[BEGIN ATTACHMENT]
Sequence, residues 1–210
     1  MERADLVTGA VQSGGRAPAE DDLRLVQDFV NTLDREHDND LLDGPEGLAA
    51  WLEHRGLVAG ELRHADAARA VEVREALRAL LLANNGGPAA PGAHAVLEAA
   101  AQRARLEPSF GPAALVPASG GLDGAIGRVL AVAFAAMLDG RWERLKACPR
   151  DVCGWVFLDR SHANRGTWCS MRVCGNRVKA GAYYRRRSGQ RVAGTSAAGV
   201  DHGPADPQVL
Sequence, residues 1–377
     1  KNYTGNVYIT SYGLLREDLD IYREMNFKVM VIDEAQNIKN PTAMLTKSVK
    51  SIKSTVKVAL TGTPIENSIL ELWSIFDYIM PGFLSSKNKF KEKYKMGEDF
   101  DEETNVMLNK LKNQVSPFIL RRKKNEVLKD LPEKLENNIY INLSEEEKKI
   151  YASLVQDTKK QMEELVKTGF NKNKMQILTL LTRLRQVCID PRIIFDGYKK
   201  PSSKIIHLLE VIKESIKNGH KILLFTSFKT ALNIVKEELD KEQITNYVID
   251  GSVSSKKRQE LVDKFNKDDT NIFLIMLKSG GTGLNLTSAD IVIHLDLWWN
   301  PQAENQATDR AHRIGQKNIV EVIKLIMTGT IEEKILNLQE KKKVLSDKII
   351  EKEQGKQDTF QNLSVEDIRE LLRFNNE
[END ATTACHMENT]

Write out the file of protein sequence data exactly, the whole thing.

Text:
Sequence, residues 1–210
     1  MERADLVTGA VQSGGRAPAE DDLRLVQDFV NTLDREHDND LLDGPEGLAA
    51  WLEHRGLVAG ELRHADAARA VEVREALRAL LLANNGGPAA PGAHAVLEAA
   101  AQRARLEPSF GPAALVPASG GLDGAIGRVL AVAFAAMLDG RWERLKACPR
   151  DVCGWVFLDR SHANRGTWCS MRVCGNRVKA GAYYRRRSGQ RVAGTSAAGV
   201  DHGPADPQVL
Sequence, residues 1–377
     1  KNYTGNVYIT SYGLLREDLD IYREMNFKVM VIDEAQNIKN PTAMLTKSVK
    51  SIKSTVKVAL TGTPIENSIL ELWSIFDYIM PGFLSSKNKF KEKYKMGEDF
   101  DEETNVMLNK LKNQVSPFIL RRKKNEVLKD LPEKLENNIY INLSEEEKKI
   151  YASLVQDTKK QMEELVKTGF NKNKMQILTL LTRLRQVCID PRIIFDGYKK
   201  PSSKIIHLLE VIKESIKNGH KILLFTSFKT ALNIVKEELD KEQITNYVID
   251  GSVSSKKRQE LVDKFNKDDT NIFLIMLKSG GTGLNLTSAD IVIHLDLWWN
   301  PQAENQATDR AHRIGQKNIV EVIKLIMTGT IEEKILNLQE KKKVLSDKII
   351  EKEQGKQDTF QNLSVEDIRE LLRFNNE